Why you need adopt a Data-Driven Mindset for your B2B Website
Discover how to leverage Growth-Driven Design (GDD) to build a website that resonates with your target market and drive revenue.
Published: 08 Dec 2023
11 minutes read
Building an effective website is key to establishing a strong online presence.
However, suppose your website is continuously failing to generate quality leads or hit your target. In that case, this is a clear sign that your website isn’t aligned with your customer’s requirements.
With the needs and behaviours of customers constantly changing, it’s time for your B2B business to adopt a growth-driven design (GDD) approach for their website.
In this blog post, we’ll explain the benefits of adopting a data-driven mindset for building or revamping your website. But before we do, let's delve into why we’re seeing a shift in website development.
The Shift in Website Approach
Websites have traditionally been positioned as static online brochures. However, marketing efforts are now being guided by social media platforms, with 75% of B2B customers using the likes of LinkedIn, X and Instagram to make informed decisions.
We’re now seeing more B2B businesses using their websites to generate demand through activities like content marketing. With 67% of B2B marketers using content marketing to generate new leads, their website is being transformed into a rich source of information that solves potential buyer’s problems.
What’s more, with over 55% of customers saying they’d rather buy directly from a brand, than through a reseller, B2B businesses, including manufacturers, are now exploring avenues to sell using a direct-to-consumer (D2C) approach.
However, simply bolting an e-commerce function to your existing website isn’t enough. The need for informative and helpful content remains significant, as explained by Ian Guiver, Managing Director of Axon Garside.
“Most B2B buyers who initially land on your website online aren’t ready to buy, nor are they looking for a supplier. They're interested in understanding their problems, and exploring different kinds of solutions. Only then are they looking for suppliers.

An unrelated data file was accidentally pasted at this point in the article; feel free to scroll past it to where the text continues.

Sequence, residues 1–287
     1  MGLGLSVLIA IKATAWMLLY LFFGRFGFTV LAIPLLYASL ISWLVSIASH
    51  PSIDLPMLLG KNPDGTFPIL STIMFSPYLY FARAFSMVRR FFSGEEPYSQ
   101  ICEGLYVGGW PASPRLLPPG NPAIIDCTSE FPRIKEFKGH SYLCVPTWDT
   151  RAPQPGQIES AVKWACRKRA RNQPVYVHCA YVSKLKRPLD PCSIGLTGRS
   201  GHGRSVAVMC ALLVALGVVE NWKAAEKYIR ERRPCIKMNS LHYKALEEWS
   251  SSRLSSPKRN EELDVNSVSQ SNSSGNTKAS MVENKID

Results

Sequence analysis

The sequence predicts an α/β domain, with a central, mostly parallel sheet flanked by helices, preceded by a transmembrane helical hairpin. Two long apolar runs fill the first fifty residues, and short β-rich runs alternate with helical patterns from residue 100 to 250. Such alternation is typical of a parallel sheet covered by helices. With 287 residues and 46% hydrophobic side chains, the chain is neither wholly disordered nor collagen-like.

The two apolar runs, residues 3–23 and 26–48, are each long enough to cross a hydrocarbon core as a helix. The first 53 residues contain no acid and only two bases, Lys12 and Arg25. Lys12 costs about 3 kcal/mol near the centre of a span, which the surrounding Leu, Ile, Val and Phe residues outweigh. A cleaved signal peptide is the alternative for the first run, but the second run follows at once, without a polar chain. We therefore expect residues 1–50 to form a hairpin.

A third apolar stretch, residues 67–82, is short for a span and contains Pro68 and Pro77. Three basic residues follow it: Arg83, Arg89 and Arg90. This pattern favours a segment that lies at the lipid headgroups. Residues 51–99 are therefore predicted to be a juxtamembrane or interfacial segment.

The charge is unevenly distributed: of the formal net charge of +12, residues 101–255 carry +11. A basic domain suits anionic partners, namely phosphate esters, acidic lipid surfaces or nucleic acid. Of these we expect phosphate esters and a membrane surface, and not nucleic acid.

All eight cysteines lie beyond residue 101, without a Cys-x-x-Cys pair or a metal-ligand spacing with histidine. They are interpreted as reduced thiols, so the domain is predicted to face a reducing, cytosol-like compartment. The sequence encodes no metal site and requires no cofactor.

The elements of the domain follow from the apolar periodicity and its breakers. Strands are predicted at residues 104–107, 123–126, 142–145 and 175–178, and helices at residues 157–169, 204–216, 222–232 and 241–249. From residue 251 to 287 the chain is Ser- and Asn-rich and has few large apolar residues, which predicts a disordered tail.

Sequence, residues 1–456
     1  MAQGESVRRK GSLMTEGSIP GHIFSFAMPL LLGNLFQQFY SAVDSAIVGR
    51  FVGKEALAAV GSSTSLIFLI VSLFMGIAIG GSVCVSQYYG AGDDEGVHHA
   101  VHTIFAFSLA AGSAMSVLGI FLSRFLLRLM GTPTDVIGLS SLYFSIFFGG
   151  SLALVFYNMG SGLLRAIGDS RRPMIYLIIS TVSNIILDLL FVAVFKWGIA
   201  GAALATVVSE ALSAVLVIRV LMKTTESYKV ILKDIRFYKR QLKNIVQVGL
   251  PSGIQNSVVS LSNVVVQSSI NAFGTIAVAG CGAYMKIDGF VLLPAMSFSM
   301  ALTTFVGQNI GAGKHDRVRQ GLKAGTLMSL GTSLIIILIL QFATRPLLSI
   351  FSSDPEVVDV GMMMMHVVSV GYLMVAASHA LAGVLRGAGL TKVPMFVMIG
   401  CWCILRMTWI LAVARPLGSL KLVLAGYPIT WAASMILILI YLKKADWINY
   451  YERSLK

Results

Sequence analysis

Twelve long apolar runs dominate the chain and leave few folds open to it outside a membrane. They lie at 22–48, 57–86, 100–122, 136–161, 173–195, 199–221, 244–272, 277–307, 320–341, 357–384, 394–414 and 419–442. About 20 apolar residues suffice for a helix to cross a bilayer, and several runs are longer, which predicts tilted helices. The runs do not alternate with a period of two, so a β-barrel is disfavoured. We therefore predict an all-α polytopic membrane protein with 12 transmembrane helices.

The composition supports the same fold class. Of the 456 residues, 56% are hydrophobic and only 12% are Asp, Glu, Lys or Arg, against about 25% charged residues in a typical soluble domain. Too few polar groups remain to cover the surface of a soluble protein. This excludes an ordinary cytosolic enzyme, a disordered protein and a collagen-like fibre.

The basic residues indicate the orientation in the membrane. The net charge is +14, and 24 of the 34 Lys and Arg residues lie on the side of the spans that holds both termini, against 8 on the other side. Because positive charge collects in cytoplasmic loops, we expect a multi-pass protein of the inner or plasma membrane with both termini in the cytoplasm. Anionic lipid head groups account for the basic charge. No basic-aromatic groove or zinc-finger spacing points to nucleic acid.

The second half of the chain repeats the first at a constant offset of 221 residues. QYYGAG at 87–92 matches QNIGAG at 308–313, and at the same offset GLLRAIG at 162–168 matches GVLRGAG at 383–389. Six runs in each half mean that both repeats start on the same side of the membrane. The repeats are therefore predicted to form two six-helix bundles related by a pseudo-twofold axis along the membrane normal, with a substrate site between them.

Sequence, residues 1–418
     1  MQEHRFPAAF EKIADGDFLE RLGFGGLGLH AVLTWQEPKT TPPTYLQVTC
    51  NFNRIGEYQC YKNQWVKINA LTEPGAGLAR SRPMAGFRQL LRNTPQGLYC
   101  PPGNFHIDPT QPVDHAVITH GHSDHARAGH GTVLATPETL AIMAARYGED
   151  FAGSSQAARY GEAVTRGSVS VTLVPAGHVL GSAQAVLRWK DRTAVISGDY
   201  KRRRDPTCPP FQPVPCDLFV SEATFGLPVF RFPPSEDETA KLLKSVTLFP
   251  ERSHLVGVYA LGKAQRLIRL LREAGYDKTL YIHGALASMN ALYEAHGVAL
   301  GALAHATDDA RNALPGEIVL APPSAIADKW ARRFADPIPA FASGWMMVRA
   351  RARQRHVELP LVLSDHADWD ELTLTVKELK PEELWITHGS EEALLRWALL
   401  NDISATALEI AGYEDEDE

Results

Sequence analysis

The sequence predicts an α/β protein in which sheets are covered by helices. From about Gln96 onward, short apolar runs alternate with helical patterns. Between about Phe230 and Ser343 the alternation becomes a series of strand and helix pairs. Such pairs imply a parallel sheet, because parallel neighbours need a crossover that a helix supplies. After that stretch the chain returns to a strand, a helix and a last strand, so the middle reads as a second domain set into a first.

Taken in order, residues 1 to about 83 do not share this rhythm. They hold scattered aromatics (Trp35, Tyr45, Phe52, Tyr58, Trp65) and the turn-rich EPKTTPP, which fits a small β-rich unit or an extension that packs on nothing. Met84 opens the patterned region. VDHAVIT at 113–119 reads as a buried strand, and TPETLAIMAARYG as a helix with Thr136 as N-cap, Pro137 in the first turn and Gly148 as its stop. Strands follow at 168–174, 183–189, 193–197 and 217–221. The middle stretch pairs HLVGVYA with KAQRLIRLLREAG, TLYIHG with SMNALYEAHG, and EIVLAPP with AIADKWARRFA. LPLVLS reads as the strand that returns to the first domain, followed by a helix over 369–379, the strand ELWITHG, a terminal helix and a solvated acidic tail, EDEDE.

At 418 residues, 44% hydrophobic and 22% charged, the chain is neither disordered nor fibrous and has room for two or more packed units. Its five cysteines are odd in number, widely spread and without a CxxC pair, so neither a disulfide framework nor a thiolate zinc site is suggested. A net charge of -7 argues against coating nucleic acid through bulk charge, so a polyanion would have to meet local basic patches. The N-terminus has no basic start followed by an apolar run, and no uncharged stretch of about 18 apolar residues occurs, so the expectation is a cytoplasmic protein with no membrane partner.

“The big opportunity to deliver ROI is to make your website a rich source of information that helps potential buyers address their problems and find solutions. This helps you build trust, which is essentially what every business needs.”
Three Approaches to Website Development
There are many elements involved in developing a website, from mapping out each stage of the buyer’s journey to knowing what pages you need for the website and outlining the content you need on each page.
But when it comes to building a website, there are three main approaches to keep in mind:
The “Big Bang” Method
The “Big Bang” method, a term coined by Ian, refers to the approach of creating a website completely from scratch or revamping an existing one.
Before building a website, the web development team researches and extracts all possible information about the customer to map out the buyer’s journey.
This research-led approach relies on obtaining knowledge from the internal departments within the organisation. In most cases, there’s little data available, leading to an element of guesswork.
This can result in disagreements amongst team members and hurt productivity.
Growth-Driven Design (GDD)
Instead of developing a detailed sitemap upfront, the goal of GDD is to create a small website consisting of core web pages, which act as a Minimum Viable Product (MVP).
Building a smaller website with fewer pages reduces the development and launch time. Once the website is published, you can add new pages and elements and adjust the design based on data and customer feedback that you’ve gathered.
Data-Driven Improvements for Legacy Website
Most established businesses will already have a website and have achieved a healthy search volume. After all, over 51% of B2B companies have heavily invested in their website development.
However, to stay relevant in an ever-changing landscape, you may need to change your offering and adjust your messaging.
“Over time, the needs of your customers will change, and you may have to adjust your offering. To ensure your legacy website maintains its relevance, you need to take the principles of GDD and apply them to how you would iterate your site going forward,” Ian said.
The Benefits of Growth-Driven Design
As mentioned, adopting a GDD approach saves you from guessing the direction of how you develop your website. But there are other, more significant benefits to adopting a data-driven mindset.
1. Measure and Improve ROI
The one key metric for every B2B business is Return on Investment (ROI), especially for e-commerce sites.